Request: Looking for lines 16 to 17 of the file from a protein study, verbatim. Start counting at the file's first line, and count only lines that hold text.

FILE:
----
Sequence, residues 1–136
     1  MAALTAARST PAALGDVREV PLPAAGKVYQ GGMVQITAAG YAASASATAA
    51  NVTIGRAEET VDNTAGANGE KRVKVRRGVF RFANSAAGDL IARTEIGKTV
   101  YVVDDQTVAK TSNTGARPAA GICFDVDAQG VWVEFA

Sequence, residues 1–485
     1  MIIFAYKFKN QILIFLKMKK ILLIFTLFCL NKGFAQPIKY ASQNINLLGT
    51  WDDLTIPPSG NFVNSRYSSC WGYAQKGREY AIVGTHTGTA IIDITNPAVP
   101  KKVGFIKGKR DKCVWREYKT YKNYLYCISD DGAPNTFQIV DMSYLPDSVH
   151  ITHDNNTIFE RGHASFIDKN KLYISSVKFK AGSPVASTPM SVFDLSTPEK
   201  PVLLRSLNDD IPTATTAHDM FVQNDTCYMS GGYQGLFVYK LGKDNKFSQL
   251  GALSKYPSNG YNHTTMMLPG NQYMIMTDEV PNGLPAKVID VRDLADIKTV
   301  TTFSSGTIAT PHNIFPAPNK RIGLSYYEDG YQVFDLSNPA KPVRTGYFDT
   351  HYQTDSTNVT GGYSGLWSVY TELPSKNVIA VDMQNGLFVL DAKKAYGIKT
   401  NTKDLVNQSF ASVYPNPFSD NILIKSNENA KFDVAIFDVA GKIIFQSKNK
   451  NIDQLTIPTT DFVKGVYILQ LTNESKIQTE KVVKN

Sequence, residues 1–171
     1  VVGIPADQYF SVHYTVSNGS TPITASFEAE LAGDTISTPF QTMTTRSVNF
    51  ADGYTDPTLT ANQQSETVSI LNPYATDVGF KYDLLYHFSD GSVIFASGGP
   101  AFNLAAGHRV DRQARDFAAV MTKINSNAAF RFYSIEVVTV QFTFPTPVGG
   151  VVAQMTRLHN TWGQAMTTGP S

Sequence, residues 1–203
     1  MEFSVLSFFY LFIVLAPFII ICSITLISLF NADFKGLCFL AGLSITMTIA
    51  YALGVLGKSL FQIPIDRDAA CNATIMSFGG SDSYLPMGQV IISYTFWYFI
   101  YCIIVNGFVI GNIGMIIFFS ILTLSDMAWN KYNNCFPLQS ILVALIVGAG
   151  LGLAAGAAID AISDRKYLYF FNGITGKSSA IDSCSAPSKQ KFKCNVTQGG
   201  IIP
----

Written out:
Sequence, residues 1–171
     1  VVGIPADQYF SVHYTVSNGS TPITASFEAE LAGDTISTPF QTMTTRSVNF